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Can FilmAid Make the World a Better Place?

ReelPolitik By Anthony Kaufman | ReelPolitik November 11, 2011 at 8:27AM

Can movies make the world a better place? Yes, they can! The folks at FilmAid International, a humanitarian organization that harnesses the power of film to help refugees the world over, has been doing just that: offering screenings of educational films and entertaining indies and documentaries to refugee camps, and empowering locals to make their own movies.
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Can movies make the world a better place? Yes, they can! The folks at FilmAid International, a humanitarian organization that harnesses the power of film to help refugees the world over, has been doing just that: offering screenings of educational films and entertaining indies and documentaries to refugee camps, and empowering locals to make their own movies.

Last night, the organization hosted a benefit at the home of producer Tom Fontana ("Homicide: Life on the Street"), where actors, activists and film notables, including Liz Manne (FilmAid's exec director), producer Caroline Baron ("Capote"), Anjelica Huston, Sony Pictures Classics' Tom Bernard, Fintage House CEO Robbert Aarts, and Bell Lightbox's Noah Cowan gathered together to honor and raise money for the group.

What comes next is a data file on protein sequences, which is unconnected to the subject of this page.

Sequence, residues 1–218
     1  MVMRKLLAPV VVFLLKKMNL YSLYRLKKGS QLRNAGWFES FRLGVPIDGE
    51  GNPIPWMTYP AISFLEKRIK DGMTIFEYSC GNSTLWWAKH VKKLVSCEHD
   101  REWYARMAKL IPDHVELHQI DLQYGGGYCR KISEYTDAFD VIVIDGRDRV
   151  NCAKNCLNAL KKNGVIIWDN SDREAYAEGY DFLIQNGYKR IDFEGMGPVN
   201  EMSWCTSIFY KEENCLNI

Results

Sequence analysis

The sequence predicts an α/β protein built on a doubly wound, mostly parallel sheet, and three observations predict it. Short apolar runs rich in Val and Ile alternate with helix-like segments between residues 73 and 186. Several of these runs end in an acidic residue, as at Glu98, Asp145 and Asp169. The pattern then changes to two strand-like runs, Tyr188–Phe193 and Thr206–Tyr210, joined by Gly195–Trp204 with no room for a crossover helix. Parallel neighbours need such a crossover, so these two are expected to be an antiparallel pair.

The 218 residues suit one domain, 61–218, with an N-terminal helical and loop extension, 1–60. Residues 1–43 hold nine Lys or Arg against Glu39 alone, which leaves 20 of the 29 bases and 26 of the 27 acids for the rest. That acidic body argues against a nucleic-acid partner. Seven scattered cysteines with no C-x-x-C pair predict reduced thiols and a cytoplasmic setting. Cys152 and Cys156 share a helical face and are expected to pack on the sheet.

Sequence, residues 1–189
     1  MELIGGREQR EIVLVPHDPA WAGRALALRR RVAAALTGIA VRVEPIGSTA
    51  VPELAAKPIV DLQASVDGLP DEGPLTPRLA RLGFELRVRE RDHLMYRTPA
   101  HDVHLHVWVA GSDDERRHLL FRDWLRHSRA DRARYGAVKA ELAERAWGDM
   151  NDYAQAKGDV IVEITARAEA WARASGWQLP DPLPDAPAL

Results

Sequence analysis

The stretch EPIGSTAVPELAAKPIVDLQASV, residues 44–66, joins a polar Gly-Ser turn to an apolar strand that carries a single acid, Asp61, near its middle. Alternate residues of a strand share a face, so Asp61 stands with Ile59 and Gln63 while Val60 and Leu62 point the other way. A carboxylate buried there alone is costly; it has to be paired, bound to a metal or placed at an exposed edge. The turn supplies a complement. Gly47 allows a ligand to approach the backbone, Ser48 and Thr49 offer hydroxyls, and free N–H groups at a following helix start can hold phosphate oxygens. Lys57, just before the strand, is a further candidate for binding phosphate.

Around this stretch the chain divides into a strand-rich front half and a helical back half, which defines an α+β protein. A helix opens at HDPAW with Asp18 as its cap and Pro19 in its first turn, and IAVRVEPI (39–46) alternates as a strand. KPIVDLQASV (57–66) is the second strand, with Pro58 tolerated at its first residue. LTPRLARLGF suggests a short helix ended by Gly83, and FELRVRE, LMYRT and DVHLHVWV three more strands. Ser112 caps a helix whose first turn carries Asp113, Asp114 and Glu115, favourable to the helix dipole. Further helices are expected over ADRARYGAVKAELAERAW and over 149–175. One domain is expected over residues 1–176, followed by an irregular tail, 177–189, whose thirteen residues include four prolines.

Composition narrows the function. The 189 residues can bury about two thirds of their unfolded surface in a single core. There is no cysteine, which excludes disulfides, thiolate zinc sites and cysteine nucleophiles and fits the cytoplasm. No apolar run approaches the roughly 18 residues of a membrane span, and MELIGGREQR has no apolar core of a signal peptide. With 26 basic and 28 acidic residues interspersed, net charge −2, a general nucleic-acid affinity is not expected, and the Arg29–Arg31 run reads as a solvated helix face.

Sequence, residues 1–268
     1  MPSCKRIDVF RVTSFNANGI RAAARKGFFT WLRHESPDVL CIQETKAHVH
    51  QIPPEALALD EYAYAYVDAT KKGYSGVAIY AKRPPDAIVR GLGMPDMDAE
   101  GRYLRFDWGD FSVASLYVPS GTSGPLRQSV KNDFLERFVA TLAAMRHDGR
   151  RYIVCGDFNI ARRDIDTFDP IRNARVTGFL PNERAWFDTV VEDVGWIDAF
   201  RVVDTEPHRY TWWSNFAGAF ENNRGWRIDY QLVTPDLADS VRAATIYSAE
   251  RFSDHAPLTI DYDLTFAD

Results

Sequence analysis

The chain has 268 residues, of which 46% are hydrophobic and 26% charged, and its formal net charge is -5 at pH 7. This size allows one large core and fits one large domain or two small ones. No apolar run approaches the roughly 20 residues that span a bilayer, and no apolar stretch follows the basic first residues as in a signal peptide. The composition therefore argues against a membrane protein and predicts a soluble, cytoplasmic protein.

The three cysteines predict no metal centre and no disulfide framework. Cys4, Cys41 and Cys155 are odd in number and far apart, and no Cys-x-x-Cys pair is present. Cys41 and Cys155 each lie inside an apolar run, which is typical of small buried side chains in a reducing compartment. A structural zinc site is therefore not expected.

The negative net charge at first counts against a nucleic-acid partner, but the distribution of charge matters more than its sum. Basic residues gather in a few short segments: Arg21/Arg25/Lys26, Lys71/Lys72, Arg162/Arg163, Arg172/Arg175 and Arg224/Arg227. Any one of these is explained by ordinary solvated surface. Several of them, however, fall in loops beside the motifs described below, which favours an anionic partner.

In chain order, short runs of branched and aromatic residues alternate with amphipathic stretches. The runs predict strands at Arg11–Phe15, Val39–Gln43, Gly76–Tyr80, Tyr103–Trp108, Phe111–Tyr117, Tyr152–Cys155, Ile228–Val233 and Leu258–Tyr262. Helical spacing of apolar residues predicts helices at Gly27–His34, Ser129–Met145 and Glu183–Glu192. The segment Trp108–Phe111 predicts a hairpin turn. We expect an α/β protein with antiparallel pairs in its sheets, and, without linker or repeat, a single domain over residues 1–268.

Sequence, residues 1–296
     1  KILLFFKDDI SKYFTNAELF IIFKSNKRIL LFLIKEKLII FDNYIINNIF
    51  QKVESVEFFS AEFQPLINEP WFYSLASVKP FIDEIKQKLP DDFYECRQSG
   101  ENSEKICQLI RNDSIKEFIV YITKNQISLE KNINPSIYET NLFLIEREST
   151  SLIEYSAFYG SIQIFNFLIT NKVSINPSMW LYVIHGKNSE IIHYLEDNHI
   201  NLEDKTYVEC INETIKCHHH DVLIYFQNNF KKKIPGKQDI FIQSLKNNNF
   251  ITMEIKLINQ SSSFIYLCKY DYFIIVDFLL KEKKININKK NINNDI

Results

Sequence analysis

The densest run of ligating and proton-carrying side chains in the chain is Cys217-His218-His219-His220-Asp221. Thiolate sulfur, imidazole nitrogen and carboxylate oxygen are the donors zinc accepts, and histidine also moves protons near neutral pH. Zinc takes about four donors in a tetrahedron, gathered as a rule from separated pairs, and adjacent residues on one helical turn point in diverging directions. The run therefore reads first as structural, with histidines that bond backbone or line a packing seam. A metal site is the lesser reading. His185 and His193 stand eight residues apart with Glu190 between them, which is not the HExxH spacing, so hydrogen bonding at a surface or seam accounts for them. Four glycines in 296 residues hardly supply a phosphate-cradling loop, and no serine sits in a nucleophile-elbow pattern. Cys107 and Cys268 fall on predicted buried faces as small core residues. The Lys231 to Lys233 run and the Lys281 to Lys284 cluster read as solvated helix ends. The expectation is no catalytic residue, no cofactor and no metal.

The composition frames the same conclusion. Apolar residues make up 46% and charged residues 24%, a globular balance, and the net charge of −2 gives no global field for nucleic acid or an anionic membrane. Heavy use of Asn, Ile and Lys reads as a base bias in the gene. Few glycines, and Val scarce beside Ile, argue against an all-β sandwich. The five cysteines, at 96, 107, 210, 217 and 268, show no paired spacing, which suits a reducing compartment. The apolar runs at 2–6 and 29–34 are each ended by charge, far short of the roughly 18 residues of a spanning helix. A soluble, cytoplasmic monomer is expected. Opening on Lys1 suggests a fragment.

Founded during the Balkan crisis in 1999 by Baron after she learned about the problems facing hundreds of thousands of Kosovar refugees, FilmAid has worked in partnership with the United Nations High Commissioner for Refugees (UNHCR) and other global aid organizations to bring film-based programs to people om Kenya (in camps on the borders of Somalia and South Sudan), in Haiti, and along the Thai-Burma border.

If you think Westerners sometimes need a break from our economic doldroms and quotidien concerns by going out to the movies, just think what it must be like for refugees, fleeing civil war or famine, stuck in remote camps in the middle of nowhere. Last year, together with the Sundance Initiative FilmForward, FilmAid showed films like Jennifer Arnold's "A Small Act" and Taika Waititi's "Boy."

As Liz Manne told the New York Times Magazine this past July. “In protracted purgatory situations, relentless hopelessness, trauma and boredom set in. They are stuck in no man’s land.... Movies transport us to other places, they take our troubles away, they make us laugh,” Manne explained. “The refugees who watch the movies are no different from any Western audience in that regard, except that their needs are different. You can’t compare a bad day at the office with famine, rape and civil war.”

This article is related to: Human Rights

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